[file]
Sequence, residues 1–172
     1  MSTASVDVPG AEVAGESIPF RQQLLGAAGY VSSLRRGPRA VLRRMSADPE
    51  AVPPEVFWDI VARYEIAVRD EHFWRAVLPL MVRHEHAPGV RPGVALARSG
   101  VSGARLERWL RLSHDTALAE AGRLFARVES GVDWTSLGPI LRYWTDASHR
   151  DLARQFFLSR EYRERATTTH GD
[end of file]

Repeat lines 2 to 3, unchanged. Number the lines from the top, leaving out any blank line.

     1  MSTASVDVPG AEVAGESIPF RQQLLGAAGY VSSLRRGPRA VLRRMSADPE
    51  AVPPEVFWDI VARYEIAVRD EHFWRAVLPL MVRHEHAPGV RPGVALARSG